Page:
Two weeks since, no further hearing has been listed and no transcript of further argument has emerged. This may mean that the bank’s new affidavit satisfied the Chief Justice and he made the orders originally sought. Or it may mean that the bank changed its mind on the need for an order and declined to pursue it. Or perhaps the whole thing is still up in the air. One way (perhaps) to find out is to apply to see the file in the case. (The last time I ordered a court file from the Court’s Melbourne registry, the fee was about $40.)

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About Jeremy Gans

Jeremy Gans is a Professor in Melbourne Law School, where he researches and teaches across all aspects of the criminal justice system. He holds higher degrees in both law and criminology. In 2007, he was appointed as the Human Rights Adviser to the Victorian Parliament's Scrutiny of Acts and Regulations Committee.

5 thoughts on “News: Suppression applications in the High Court

  1. Thanks for the interesting post. The Supreme Court of the United Kingdom has today delivered a judgment on anonymity in civil proceedings relating to a patient detained in a psychiatric hospital. Earlier this month it heard two immigration appeals. At the start of the hearing the Justices have declined to make anonymity orders. The appellants’ names are now stated in the Court’s site, eg in the list of sittings, where they were previously shortened. Last year that Court dismissed proceedings intended to prevent the publication of an autobiography. The author’s name was not revealed throughout the proceedings, up until the end of the handing down of the UKSC judgment. It was a visual demonstration of lifting an anonymity order.

  2. Interesting. I am glad that this policy seems to be being followed throughout our court system and suppression orders are not being granted willy-nilly (unlike the common complaints about the UK’s so-called “superinjunctions”), although they can be necessary. I obtained one for a client last year in a Federal Court matter but the judge quite reasonably required us to limit the suppression order we applied for to particular paragraphs of documents and affidavits wherever possible rather than the entire document or affidavit let alone the entire court file, so that the suppression was kept to a minimum. That suppression was required to preserve legal professional privilege in other proceedings the parties were involved with, rather than for commercial confidentiality.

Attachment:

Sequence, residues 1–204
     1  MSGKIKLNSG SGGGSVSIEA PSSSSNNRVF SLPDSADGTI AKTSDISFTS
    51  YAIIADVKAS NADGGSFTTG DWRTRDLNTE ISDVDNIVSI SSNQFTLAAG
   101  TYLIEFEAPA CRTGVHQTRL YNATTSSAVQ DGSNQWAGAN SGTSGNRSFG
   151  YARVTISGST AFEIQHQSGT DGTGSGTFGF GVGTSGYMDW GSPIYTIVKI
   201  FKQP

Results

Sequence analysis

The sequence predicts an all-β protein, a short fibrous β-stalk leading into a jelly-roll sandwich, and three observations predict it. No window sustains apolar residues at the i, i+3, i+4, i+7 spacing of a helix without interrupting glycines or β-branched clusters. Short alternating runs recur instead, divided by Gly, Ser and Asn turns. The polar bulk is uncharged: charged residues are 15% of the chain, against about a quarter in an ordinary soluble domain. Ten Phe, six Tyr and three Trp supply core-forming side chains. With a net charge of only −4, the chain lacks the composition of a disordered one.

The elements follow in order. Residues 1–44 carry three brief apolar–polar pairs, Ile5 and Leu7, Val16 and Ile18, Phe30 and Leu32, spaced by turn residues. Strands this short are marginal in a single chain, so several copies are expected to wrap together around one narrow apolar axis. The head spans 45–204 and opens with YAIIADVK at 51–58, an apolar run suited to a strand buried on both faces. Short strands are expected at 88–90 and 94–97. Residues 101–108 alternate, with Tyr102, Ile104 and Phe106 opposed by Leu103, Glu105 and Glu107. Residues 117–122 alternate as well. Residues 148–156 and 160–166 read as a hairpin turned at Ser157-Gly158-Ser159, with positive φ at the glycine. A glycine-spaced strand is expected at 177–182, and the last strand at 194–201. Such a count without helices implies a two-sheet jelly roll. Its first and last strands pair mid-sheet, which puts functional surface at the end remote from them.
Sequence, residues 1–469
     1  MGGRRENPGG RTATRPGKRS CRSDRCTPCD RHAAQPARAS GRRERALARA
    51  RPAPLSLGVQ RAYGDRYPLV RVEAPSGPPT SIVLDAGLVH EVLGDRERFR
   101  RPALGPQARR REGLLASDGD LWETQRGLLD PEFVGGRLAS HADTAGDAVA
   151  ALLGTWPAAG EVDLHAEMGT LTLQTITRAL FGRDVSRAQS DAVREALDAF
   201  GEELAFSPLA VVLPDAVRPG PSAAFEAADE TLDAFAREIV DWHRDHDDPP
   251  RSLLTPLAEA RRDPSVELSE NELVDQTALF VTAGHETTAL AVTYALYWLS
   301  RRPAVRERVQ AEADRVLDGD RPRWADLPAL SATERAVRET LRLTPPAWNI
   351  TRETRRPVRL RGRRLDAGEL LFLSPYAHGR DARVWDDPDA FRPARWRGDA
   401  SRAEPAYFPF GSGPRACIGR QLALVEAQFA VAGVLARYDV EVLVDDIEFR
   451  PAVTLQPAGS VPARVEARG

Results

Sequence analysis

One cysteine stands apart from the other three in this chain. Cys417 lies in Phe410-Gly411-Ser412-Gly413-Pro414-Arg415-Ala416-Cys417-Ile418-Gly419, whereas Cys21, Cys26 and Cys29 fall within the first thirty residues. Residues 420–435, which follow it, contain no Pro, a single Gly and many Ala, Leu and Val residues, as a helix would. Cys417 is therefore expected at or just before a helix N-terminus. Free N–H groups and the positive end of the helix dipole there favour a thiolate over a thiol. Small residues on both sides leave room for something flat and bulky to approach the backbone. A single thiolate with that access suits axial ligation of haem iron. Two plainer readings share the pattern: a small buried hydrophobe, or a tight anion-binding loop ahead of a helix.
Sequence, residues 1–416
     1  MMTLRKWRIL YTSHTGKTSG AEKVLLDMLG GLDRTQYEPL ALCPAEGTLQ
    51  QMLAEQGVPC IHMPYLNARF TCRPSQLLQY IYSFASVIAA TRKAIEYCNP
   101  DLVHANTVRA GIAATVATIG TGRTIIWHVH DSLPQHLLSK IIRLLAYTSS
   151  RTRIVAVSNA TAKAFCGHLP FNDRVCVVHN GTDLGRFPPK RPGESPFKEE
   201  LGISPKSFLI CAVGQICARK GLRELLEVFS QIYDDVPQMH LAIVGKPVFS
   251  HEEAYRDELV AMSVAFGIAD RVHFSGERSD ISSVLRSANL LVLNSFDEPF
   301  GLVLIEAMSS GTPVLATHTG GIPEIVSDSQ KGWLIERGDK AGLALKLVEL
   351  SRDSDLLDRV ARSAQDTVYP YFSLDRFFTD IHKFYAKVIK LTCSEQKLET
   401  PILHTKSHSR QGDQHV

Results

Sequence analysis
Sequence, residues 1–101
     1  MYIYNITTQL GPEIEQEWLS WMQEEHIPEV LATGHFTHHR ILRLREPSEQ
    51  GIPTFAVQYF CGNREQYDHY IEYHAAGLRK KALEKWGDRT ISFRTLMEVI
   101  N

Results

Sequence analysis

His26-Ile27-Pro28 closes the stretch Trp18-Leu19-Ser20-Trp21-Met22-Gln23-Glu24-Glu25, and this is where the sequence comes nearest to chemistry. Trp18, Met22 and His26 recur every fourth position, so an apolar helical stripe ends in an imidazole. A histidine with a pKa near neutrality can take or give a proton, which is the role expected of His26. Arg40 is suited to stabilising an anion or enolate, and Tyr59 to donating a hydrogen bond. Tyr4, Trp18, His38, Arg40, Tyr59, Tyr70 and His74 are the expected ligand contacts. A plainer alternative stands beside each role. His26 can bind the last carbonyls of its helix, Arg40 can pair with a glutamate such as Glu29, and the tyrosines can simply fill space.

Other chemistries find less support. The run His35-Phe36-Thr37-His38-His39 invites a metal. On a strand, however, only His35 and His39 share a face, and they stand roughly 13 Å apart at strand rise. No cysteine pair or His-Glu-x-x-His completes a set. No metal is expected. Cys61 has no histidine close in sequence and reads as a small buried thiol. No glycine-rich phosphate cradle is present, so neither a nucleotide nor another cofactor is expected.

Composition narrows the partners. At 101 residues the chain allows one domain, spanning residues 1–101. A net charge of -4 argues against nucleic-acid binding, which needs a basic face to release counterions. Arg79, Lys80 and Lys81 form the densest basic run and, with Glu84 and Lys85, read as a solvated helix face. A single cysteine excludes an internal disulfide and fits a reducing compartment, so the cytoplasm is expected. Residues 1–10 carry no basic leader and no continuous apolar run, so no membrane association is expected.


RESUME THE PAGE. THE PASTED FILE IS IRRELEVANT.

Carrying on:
• I agree that this careful approach to suppression is welcome (although I don’t know whether or not it is being followed throughout the court system.) I do have some experience, though, about how such careful orders are implemented that is less positive. In 2004, I read a transcript of an application by Victoria Police to Kirby J seeking to suppress some documents in the court file about the police’s failed attempt to suppress information about the ‘crime boss’ sting (later the subject of an evidence law ruling by the HCA in 2007.) Notably, Kirby J was at pains to limit the suppression to the identity of the undercover officers, so that ‘the overwhelming majority of the materials that were before this Court in the applications and appeals open to inspection in the ordinary way so that an inquirer would be able to understand the proceedings and issues in this Court from the file’. But, when I went to the Melbourne registry to look at the file, I was told that I couldn’t look at any of it because it was subject to a suppression order. I eventually got to look at the file (as Kirby J intended), but only because I had a copy of the transcript on hand and enough legal expertise to make the case to the registry staff and, eventually, get them to consult with someone more senior. A more ordinary member of the public may well have not gotten access, despite the clarity of Kirby J’s reasons. I later had a similar problem getting access to a Qld bail file that was marked with a note referring to some narrow statutory suppression provisions, and had to appear in court (a bail court on Christmas Eve!) and argue on my feet before a Supreme Court judge for 45 minutes to get access. My point is that the court registry staff are not always able to implement nuanced suppression orders (and, indeed, such orders may be incorrectly implemented if the judge’s reasons are not available to both the registry staff and the public.)

      • Ah, yes- the practical side of things. I never really thought about that, definitely worth keeping in mind.